Monday, 31 December 2012

Good Riddance 2012


The last day of 2012 and true to this years form, it is continuing to rain. It's official - 2012 is the wettest year on record.

As I write this, it is pouring down and under the bird feeder outside the kitchen window there is a very bedraggled muntjac eating the bird seed alongside an even more bedraggled pheasant. No sign of any little birds - they are all sheltering from the deluge.

Looking back over the year, it has certainly been different to previous years, mostly due to the weather. The plants, animals and birds have all suffered. We started the year with a drought and unseasonably high temperatures in March. Everything changed in April when it became stormy and wet. It seems like it has been wet ever since.

We are lucky to live at the top of a hill and therefore not subject to flooding like some poor souls who have had their homes (and their Christmas) ruined. However, we have lost a few trees to the stormy winds. On the plus side, this winter has been remarkably warm so far.

Let's hope that 2013 will be an improvement for all of us.


Over the last few weeks, the deer have been frequent visitors. The Muntjac family are around every day like clockwork. The little one is growing quite big now and has lost its spots. The photo above shows the buck and the doe.

Roe Deer Twins

The Roe Deer twins, born last May, are also regular visitors and are still sometimes seen with their mother. These photos, taken about 3 weeks ago, show that the twins spend much of their time together. They are easy to identify because one of them has a small tear in one of its ears.

Roe Deer

Food must be in short supply in the woods because they came right up to the house in broad daylight when these photos were taken.

Roe Deer

As we say goodbye to 2012, I wish everyone a happy and prosperous New Year. Let us hope that the elements are kinder to us in 2013!

Sunday, 4 November 2012

Happy Family!

Muntjac Family

Following on from my last post, I now understand completely why the muntjacs were so aggressive with the fox. I think the photo above explains it - a very happy little family!

It is quite unusual to be able to photograph the buck, doe and fawn together. This photo was taken through my office window. It was very sunny but the deer were in the shade, so difficult lighting conditions.

It is also interesting that they come each day at around 3.00pm. It used to be 4.00pm but they did not change their clocks when we went back to GMT from British Summertime!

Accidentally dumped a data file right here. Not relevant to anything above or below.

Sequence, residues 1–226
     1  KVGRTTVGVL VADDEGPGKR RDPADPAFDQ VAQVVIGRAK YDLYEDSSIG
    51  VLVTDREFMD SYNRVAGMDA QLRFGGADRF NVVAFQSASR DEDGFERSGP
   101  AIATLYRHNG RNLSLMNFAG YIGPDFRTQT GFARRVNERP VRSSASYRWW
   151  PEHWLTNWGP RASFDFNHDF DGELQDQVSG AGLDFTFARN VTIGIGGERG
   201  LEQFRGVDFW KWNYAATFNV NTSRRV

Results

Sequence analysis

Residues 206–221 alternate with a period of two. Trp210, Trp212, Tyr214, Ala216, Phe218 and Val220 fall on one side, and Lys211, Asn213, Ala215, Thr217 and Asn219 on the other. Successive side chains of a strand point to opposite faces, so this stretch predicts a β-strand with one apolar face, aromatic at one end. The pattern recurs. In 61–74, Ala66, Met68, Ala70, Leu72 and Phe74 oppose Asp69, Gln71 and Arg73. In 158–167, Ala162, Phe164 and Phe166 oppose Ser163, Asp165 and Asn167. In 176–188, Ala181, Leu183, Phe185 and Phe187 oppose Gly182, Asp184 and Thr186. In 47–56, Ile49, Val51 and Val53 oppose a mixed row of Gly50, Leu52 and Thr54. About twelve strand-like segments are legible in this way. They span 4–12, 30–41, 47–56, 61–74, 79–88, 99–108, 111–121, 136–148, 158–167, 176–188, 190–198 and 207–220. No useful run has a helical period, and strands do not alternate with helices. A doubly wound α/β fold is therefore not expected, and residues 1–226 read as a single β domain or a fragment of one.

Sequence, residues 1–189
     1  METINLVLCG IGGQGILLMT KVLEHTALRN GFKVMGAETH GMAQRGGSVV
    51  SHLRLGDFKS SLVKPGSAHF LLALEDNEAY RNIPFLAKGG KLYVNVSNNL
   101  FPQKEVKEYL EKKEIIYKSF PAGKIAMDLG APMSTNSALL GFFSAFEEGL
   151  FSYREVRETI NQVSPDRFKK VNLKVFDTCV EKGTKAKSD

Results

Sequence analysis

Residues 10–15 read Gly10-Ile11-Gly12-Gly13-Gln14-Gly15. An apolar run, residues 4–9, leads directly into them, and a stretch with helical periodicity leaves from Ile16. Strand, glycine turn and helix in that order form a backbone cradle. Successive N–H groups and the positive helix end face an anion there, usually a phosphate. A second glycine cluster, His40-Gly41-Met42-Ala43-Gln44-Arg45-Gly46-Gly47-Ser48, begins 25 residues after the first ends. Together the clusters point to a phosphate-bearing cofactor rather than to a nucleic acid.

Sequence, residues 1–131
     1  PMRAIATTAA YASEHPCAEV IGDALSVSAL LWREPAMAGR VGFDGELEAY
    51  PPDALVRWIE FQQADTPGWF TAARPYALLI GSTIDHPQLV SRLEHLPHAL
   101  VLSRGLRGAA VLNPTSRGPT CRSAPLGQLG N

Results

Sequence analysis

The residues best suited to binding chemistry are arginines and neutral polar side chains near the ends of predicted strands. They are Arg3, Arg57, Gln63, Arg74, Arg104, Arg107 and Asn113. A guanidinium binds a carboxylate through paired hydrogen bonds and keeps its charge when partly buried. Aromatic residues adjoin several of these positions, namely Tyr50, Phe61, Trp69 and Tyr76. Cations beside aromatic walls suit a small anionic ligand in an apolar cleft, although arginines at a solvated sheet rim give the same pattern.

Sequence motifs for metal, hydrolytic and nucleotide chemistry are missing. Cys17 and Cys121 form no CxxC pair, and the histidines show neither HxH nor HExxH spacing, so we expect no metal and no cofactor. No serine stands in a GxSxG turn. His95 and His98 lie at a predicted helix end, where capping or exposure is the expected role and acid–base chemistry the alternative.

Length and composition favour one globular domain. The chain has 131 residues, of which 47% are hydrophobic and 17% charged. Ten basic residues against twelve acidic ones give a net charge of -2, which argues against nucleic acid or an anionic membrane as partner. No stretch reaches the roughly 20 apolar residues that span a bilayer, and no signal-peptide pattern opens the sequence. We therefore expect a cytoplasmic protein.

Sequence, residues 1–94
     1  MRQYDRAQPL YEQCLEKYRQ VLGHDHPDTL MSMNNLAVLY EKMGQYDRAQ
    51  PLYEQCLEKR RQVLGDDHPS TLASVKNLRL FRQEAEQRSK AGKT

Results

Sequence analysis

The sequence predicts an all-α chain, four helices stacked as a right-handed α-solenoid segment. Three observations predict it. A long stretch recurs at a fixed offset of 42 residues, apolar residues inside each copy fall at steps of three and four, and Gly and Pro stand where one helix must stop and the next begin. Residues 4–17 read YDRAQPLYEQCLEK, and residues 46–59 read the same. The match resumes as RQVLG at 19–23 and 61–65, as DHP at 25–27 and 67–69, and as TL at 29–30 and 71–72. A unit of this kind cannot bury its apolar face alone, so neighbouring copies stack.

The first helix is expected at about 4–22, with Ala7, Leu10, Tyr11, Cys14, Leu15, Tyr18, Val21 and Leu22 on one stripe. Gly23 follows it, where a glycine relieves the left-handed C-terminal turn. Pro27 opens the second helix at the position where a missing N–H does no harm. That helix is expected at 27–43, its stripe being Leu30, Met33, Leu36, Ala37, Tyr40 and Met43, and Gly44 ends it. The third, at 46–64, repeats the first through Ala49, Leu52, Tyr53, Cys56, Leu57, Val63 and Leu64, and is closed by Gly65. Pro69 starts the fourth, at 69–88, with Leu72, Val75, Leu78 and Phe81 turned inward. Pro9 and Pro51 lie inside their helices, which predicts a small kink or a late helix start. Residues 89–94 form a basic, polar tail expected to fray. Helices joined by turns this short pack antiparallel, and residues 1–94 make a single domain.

Muntjac Fawn

The little one is a real cutie but likes to stay close to Mum.

Muntjac Doe and Fawn

Mum spends a lot of timing grooming it - giving it a good lick all over.

Muntjac Doe and Fawn

Autumn continues with lots of rain. The water table is now so high that the smallest amount of rain causes flooding.

Many of the leaves are still on the trees with some beautiful autumn colours but the evenings are now getting darker and winter is on its way.

Tuesday, 16 October 2012

Animal Wars

Fox and Muntjac

It is a long time since I posted. The reason being that nothing interesting has been happening in the garden - that I have seen, anyway.

Very little is flowering, the animals have been scarce - just the occasional glimpse of a roe deer, muntjac or hare, and nothing noteworthy is going on in the bird world . . . until this week!

A few days ago I went out for a walk and found a little bird dead on the patio. It had obviously hit the window. The interesting thing was that it was a little Willow Warbler (I think), a tiny, pretty little bird. I continued on my walk and decided to pick it up and put it in the bushes out of the way on my return.

When I got back half an hour later, all that remained was a pile of feathers and a few entrails :( I guess there was a magpie around somewhere with a full tummy.

The following day, early in the morning I was just getting down to work in my office when I saw out of the corner of my eye, a tail disappear into the shrubbery next to the driveway. I registered that I did not recognise the tail. It was furry (so not a rat) but definitely not a squirrel. I watched for a while and out came a stoat!

It was too big for a weasel so must have been a stoat. I could not see its tail this time, so was unable to check for the classic black tip to the tail. I grabbed my camera in a bit of a panic but sadly did not manage a photo before it disappeared. My first encounter with a stoat and no photo - I was devastated!

This morning dawned grey and cloudy but when I opened the curtains there was a battle going on between 2 muntjacs, a buck and a doe, and a fox. The fox was trying to attack them and they were attacking back, chasing the fox all over the garden.

The photo above shows a lull in the fighting. Sadly, it was still quite dark and so the photos I took were very disappointing. The furore lasted for about 15 minutes with the muntjacs barking furiously. They were not running away and were incredibly aggressive towards the fox. I noticed later that there was a youngster with them in the woods, which accounts for the aggression.


Finally, the fox - a beautiful specimen with a magnificent tail, ran off out of view reappearing seconds later with a squirrel in its mouth!

I guess that it gave up the idea of venison for breakfast and settled for squirrel instead. It then raced off across the field for a peaceful meal.

Nature in the raw. It is great to witness the behaviour of these beautiful creatures.

But the day did not end there - this afternoon I spotted another dead squirrel on the front lawn and a buzzard and red kite squabbling over it. Once again, no camera to hand! However, later I managed to snap the red kite sitting in a tree at the corner of the lawn.

Red Kite

So, 2012 continues with some very unpredictable weather. Hardly any of the leaves have fallen from the trees yet and they are very late in changing colour.

After having no harvest of apples or pears, there were also very few blackberries or acorns. Luckily, there are plenty of Holly and Pyracantha berries which is good news for the birds.

The recent rain is bringing out the fungi and there is a good crop of Shaggy Parasols and Shaggy Inkcaps (although I don't feel confident enough to eat any of them).

I wonder what kind of winter awaits us?